Social Networks Are Like The Eye

Over at Edge, Nicholas Christakis:

There is a well-known example in evolutionary biology about whether the eye was designed, or is “just so” because it evolved and arose for a reason. How could this incredibly complicated thing come into being? It seems to serve an incredibly complicated purpose, and the eye is often used in debates about evolution precisely because it is so complex and seems to serve such a specialized and critical function.

For me, social networks are like the eye. They are incredibly complex and beautiful, and looking at them begs the question of why they exist, and why they come to pass. Do we need a kind of just-so story to explain them? Do they just happen to be there, for no particular reason? Or do they serve some purpose — some ontological and also pragmatic purpose?

Does Everyone Watch the Same Show When They Watch The Wire?

Brian Cook in In These Times:


In a recent story in The Nation, Chris Hayes used 2,200-plus words to argue why progressives should back Sen. Barack Obama. I’ll use only seven: Obama’s favorite TV show is “The Wire.” It’s certainly true, as Hayes noted, that Obama, like every presidential candidate, won’t be saying one word about the prison-industrial complex or the disastrous consequences of the “war on drugs.” But it’s heartening to think that at least he’s tuning in to one of the few public forums that fiercely drags such issues into our consciousness.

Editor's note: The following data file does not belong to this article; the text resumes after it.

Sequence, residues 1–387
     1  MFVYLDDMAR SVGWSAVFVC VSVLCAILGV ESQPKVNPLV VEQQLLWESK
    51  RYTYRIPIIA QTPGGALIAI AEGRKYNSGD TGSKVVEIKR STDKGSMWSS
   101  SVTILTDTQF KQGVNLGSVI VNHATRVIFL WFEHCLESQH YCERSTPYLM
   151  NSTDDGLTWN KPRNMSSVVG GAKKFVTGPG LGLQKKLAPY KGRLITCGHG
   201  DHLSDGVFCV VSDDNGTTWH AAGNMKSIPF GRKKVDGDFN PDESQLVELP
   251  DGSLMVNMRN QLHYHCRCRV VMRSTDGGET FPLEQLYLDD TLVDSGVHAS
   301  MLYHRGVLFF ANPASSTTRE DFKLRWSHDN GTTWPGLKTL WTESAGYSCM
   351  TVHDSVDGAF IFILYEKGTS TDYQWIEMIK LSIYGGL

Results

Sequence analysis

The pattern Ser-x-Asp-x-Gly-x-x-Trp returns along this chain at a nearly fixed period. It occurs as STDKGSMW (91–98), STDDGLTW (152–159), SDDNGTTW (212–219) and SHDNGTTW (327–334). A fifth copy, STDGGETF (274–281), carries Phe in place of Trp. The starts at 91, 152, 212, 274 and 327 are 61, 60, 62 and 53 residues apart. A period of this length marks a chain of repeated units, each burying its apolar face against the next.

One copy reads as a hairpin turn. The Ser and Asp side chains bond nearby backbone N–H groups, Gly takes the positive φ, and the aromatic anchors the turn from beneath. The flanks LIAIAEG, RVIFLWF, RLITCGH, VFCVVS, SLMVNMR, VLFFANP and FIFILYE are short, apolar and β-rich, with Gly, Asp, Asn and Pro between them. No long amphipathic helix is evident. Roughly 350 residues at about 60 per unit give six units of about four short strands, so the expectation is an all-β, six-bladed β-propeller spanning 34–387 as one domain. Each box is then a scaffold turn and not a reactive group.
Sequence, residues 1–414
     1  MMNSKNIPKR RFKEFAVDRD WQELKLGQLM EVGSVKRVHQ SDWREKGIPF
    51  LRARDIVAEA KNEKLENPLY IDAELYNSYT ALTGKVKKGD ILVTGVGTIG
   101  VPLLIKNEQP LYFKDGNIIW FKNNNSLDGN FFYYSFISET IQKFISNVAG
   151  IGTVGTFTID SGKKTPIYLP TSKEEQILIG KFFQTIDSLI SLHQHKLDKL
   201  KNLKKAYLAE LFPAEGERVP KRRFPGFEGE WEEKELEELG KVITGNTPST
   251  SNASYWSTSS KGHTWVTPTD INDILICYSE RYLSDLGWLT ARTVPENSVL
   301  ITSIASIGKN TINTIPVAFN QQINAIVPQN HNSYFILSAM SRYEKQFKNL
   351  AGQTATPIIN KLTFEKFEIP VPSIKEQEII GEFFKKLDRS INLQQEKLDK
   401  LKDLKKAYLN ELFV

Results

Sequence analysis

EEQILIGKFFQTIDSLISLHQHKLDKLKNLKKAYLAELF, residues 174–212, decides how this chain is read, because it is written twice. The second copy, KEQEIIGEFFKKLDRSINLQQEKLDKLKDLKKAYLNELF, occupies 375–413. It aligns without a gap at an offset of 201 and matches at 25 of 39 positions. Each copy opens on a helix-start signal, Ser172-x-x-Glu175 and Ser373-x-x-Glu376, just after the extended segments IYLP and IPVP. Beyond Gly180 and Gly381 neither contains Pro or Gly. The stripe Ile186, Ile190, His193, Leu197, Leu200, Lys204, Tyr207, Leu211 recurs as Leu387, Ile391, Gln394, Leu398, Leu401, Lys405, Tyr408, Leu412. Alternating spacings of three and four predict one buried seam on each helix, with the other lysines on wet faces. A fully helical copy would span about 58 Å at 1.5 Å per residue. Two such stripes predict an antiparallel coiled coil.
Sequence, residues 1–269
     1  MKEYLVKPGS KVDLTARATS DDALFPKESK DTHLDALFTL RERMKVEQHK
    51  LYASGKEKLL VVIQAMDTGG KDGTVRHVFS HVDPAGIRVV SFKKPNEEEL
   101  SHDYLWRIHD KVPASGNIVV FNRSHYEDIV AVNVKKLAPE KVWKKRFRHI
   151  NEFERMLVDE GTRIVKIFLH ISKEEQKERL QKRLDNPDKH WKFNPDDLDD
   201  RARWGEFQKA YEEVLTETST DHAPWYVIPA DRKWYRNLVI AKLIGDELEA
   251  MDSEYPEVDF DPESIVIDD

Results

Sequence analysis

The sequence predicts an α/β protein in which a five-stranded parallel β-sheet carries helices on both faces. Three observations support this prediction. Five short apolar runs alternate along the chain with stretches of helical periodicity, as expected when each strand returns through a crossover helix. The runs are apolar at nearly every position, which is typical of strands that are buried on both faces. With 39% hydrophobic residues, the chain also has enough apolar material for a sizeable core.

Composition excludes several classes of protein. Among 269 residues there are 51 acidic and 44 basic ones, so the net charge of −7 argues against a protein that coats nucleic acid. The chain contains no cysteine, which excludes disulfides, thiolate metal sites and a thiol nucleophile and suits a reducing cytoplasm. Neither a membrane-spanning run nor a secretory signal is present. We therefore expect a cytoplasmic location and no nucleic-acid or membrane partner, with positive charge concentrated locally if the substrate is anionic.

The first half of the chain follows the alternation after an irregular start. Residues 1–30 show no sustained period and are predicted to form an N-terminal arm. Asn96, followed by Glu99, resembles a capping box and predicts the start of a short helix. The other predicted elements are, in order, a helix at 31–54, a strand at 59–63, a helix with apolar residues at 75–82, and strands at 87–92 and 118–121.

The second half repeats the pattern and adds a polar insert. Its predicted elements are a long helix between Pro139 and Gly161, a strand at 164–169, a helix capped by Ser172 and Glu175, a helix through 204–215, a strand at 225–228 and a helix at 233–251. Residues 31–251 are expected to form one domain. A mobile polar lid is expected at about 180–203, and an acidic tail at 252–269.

Throughout its five seasons on HBO, “The Wire” has created riveting fictional drama out of the residents living, policing and selling dope on the streets of Baltimore. Described by its co-creator David Simon as the ultimate “anti-cop show, a rebellion … against the horseshit police procedurals afflicting American television,” “The Wire” obliterates easy dichotomies of “good cops” and “bad drug dealers.” Instead, it builds morally complex characters on both sides of the law whose individual decisions are largely shaped by political and economic forces outside their control. After detailing the ravages of the drug trade in its first season, the show broadened its scope in each subsequent season, examining the city’s collapsing industrial sector (and unions), political system, public schools and, finally, journalistic institutions.

looking back at raymond williams